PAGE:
I know, if I’m honest, that it’s the product of an utterly cynical and insincere process, yet there’s something about Todd Rundgren’s “Wolfman Jack” that strikes me as one of the most upbeat, happy and instantaneous songs ever made, every single time that I hear it.
There’s significant cognitive dissonance between knowing, on some deep primal level, that Rundgren — a notorious studio wizard (a true star, no less) — probably spent far too long perfecting every little last piece of every single thing that you hear in its 2:54 run time, from the amount of the echo of the opening sax to the “whoo-oo-oo-oo-oohhh” harmonies in the background, and the emotional rush that comes to me every time I hear the song. It sounds so effortless, and yet, I know, there was doubtlessly a lot of effort into making that the case.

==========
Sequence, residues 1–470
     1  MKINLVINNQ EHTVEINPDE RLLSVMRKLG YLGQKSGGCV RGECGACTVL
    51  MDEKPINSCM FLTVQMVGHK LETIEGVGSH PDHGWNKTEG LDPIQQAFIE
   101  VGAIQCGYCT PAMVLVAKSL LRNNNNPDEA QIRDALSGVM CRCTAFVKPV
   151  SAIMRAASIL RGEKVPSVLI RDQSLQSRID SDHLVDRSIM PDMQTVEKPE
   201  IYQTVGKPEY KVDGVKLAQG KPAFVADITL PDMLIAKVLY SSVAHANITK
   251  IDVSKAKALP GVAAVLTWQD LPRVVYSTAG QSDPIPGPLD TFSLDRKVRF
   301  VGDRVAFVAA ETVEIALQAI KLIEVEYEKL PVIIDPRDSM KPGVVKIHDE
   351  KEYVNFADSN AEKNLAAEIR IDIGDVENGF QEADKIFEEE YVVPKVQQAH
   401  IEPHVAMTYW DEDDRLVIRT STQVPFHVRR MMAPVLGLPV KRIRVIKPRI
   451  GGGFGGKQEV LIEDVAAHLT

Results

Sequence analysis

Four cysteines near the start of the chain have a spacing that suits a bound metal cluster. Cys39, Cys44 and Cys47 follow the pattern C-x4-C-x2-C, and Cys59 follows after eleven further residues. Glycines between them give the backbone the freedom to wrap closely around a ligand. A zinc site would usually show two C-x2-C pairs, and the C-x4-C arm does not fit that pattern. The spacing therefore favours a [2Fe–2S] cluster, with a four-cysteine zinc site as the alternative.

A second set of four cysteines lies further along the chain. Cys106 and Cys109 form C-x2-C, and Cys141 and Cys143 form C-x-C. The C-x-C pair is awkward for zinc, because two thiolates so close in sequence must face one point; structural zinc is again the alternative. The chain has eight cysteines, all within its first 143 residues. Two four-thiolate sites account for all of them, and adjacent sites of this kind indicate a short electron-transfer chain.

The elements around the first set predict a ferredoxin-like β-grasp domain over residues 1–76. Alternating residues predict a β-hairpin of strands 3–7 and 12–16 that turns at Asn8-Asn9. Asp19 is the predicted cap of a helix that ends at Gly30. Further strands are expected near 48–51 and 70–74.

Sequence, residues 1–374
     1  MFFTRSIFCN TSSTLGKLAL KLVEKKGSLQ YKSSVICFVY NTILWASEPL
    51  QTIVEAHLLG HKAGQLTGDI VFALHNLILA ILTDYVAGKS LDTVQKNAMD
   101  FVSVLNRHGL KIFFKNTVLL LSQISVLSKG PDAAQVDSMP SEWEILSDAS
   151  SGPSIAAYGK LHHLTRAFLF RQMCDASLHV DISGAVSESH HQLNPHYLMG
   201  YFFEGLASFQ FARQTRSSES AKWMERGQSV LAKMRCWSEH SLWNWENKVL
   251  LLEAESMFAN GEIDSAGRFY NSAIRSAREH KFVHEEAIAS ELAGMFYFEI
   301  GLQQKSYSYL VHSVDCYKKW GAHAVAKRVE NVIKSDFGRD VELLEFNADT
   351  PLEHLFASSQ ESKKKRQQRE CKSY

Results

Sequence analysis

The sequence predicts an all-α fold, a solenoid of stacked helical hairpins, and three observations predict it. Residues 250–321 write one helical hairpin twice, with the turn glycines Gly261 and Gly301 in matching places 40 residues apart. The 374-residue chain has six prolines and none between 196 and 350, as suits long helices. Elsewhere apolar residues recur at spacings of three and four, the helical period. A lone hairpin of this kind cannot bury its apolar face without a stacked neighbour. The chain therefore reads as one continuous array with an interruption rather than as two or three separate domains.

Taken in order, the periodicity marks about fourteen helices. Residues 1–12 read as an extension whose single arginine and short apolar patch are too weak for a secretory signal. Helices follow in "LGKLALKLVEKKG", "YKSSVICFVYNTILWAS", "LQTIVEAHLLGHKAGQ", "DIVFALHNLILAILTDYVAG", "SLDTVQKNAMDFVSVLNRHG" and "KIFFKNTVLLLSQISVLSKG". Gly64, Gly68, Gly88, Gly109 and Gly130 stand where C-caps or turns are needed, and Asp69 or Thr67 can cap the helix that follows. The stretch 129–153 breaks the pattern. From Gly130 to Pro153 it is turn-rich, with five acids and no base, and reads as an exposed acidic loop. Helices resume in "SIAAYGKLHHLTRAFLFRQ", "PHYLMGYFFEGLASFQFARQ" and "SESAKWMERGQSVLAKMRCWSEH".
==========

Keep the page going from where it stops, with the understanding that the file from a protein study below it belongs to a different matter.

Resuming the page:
And yet: It’s this beautiful, over-the-top piece of nostalgia for something that likely never existed, and something that seems to rejoice in going just that little bit further than you expect even when you think you know how ridiculous the whole thing is. (The falsetto at the end of “You can’t do this to me” at 1:53, for example.)
I’d heard some Todd Rundgren before this song, and never quite got it; I distinctly remember hearing “I Saw The Light” and going, “This is what people went so nuts over? I don’t get it.” But when I heard this for the first time, I had a mild epiphany; I knew this wasn’t what the majority of his music sounded like — or, really, anything beyond this song — but for the almost-three minutes it lasted, I didn’t care. This, I decided, was someone I could listen to for days on end.
(Strange but true; I can never listen to this song just once. I always, without fail, play it through a second time at least.)